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VOL. XVII.-JANUARY, 1866.-No. 1.

A FREE EDITORIAL TALK.

With this first number of our seventeenth volume, we greet our readers, and wish them a HAPPY NEW YEAR.

Though all know it, yet we feel like telling them anew, that they may hear it for the hundredth time, that the war is over, and sweet blessed peace again reigns throughout the borders of the land. Let the people praise God, yea let all the people praise Him! What a change since January 1865, when our noble army, over a million strong, was gathering around the rebellion for the last victorious stroke. The brave myriads have done their work, and are now enjoying the sweets of home, receivingas they deserve-the gratitude and honor of a nation delivered from disintegration and ruin. May they long live to enjoy the laurels they have so nobly won, and prove as useful in peace as they have been brave in war.

There is no danger that, in the minds of men, the return of peace might mean the introduction of a reign of inactivity. Everybody and every thing seems moving. There is intense stir in every department of life. Never before, perhaps, has the country witnessed the same unwearied activity.' The only danger is that, in the midst of this bustle and business, men may suffer themselves to be too deeply immersed in the mere material interests of life. The Bible warns us against making haste to be rich. It is to be hoped that this wisdom may not be held in too low estimation, at a time when the tendency is so all-absorbing in that direction.

There is another feature of the times calculated to awaken concern. There never has been a time when money was so freely spent as it is now. To be generous is certainly a noble trait; but we fear that the lavish expenditures of the day are rather taking the form of prodigality. We fear the young especially are handling money too freely. The heap must be very large, if it can endure such rate of dispersion, till the young of this generation become the old men and women of the land. At the risk of being put down as old-fashioned, the GUARDIAN fears not to recommend a little more economy.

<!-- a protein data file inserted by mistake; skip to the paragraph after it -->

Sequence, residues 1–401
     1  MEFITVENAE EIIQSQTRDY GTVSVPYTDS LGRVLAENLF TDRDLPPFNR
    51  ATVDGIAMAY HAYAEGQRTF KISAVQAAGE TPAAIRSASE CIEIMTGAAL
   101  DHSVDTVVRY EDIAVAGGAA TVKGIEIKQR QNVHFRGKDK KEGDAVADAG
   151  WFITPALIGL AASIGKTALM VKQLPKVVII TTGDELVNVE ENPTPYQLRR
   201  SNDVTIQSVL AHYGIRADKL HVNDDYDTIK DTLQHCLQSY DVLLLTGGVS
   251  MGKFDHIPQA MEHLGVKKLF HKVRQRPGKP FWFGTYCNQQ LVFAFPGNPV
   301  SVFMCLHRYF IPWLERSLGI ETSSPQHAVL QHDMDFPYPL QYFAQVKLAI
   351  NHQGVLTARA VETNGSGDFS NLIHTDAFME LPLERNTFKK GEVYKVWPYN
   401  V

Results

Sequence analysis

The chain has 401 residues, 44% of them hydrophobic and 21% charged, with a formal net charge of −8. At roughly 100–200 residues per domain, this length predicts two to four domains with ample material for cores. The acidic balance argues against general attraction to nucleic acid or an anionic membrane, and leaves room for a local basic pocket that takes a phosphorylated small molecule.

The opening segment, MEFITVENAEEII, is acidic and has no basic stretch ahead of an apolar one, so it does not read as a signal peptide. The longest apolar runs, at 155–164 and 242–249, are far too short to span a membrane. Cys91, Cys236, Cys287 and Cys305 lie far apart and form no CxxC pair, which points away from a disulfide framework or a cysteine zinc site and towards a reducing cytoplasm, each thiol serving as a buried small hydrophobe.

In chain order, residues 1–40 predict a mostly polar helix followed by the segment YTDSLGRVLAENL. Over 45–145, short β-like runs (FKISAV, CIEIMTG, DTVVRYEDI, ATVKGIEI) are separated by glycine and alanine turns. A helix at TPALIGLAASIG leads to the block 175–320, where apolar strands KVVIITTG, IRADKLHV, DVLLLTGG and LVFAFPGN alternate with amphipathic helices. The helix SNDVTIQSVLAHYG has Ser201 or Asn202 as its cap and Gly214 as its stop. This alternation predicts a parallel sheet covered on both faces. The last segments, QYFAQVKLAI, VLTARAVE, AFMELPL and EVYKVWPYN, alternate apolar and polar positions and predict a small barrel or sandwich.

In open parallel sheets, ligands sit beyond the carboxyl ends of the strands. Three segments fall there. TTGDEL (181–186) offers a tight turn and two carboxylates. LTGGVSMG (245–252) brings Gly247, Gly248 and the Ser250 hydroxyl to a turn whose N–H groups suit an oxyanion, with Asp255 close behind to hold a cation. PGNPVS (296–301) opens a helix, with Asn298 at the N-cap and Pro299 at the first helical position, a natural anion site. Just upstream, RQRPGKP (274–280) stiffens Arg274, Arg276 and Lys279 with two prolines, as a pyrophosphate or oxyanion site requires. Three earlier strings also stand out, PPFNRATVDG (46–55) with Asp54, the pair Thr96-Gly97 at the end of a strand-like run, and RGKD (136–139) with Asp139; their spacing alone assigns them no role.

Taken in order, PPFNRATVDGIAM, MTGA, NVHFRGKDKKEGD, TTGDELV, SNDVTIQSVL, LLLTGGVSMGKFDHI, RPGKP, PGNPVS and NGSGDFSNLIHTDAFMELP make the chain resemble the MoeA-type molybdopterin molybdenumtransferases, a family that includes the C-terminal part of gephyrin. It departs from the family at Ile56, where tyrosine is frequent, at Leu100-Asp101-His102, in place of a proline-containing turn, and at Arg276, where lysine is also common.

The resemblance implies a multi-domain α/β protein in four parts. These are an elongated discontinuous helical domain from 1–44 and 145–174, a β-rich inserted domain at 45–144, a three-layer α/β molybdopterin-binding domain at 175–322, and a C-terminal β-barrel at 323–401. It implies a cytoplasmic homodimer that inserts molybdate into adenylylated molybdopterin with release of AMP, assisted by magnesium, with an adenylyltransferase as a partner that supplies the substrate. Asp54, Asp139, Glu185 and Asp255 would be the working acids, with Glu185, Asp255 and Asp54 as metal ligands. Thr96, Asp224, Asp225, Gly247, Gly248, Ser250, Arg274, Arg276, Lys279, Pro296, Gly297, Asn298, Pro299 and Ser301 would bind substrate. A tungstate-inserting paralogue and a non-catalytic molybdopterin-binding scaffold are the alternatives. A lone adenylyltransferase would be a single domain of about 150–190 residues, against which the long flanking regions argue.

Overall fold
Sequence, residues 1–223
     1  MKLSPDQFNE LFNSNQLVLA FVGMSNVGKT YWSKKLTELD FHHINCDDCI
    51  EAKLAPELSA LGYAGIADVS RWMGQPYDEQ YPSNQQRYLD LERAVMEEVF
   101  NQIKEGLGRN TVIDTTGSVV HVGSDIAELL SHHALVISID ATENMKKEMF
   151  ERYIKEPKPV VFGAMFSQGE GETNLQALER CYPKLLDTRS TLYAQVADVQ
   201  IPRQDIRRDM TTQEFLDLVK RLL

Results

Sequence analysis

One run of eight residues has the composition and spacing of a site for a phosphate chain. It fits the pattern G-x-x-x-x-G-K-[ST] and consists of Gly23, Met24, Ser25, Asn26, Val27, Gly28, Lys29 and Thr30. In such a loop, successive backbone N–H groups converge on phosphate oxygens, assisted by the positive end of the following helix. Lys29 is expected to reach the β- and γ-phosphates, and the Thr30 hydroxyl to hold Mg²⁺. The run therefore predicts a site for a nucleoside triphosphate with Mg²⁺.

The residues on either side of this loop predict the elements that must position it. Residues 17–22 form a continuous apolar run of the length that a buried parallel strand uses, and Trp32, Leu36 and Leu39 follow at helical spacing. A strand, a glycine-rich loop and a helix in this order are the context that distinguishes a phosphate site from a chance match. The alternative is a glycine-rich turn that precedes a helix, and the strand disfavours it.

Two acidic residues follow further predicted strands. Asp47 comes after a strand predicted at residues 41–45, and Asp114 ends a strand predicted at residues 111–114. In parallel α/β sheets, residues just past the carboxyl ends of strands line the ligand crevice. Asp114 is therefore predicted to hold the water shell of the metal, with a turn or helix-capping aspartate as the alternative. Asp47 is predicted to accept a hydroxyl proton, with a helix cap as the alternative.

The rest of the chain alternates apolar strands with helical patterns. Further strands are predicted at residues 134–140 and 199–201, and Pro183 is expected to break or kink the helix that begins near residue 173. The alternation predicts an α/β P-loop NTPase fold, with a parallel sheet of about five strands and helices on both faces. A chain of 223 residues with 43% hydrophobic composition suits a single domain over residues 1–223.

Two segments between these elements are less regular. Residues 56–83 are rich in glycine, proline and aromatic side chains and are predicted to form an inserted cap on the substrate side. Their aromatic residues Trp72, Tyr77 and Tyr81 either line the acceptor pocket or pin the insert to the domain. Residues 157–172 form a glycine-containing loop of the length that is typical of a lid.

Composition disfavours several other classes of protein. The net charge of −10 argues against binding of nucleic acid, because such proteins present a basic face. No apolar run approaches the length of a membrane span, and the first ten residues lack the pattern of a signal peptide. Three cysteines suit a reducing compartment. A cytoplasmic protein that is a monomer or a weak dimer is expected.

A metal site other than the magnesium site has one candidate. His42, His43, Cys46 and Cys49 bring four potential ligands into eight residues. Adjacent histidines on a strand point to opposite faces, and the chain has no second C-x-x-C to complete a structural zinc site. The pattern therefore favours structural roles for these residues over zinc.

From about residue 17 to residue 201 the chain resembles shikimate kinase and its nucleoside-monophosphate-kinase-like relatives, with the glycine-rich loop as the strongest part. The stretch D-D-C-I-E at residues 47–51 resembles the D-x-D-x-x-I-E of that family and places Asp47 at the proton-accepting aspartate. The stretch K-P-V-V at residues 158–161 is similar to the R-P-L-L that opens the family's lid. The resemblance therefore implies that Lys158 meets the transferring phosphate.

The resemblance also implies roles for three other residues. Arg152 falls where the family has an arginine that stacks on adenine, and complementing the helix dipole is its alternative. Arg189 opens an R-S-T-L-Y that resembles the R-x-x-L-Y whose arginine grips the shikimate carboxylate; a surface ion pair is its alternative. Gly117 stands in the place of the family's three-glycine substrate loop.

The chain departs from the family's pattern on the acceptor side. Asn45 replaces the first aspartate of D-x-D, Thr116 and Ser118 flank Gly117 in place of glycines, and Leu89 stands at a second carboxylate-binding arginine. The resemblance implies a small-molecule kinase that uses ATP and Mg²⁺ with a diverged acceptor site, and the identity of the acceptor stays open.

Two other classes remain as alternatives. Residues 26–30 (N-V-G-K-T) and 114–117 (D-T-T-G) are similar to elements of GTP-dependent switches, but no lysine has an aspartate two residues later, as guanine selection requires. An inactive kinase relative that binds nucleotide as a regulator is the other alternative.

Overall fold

Money is plenty, and that is taken by many as a sure argument in favor

VOL. XVII.-1

6

A Free Editorial Talk.

[JANUARY,

of spending it freely. Our thinking, as well as our experience, has taught us, that just the reverse is the wise and the true view to be taken. Financial affairs are a little like travelling on a turnpike road; when you go up a hill, you will soon find yourself invited to go down again. It is said of the German wit, Idelspiegel, that he always laughed when he went up hill, because he knew he would soon be allowed to go down; and wept when he went down, because he knew that he would soon have to go up again. We venture to say, that underneath his folly there lies a deep wisdom. The time to be careful, is, when money flows so freely, because it will surely get scarce again. We could easily give reasons for our old-fashioned views, but we wish rather to suggest than to argue.

This is also a time when there are many ways to error, and consequently also to ruin. Let our young people act thoughtfully and sensibly. There is only one period of youth allowed to each of us. If we fail in it, we make a fatal failure! No one need err in this respect. There are certain principles which have stood the proof of ages, and there is a course of life which has conducted thousands to usefulness, happiness and honor. Let men act upon these venerable and fixed principles, and their lives will prove a success. Piety, honesty, earnestness, industry-these are oldfashioned, well-tried elements of success in life. We will go security for every young person, who will put them to a full and fair trial.

But we are growing rather didactic. Our only apology is, that, as the GUARDIAN grows older, he feels a deeper interest in the young, and is conscious of an increasing desire to see the young fulfil the hopes of their parents, the hopes of the Church, as well as the hopes of their own better hours in regard to the great and solemn mission of life.

With an 66 eye single" to this end has the GUARDIAN labored from its infancy up to this time; nor is it now weary of the glorious work. To the same interest does it now sacredly devote its seventeenth year, and asks only to be kindly received and earnestly heard.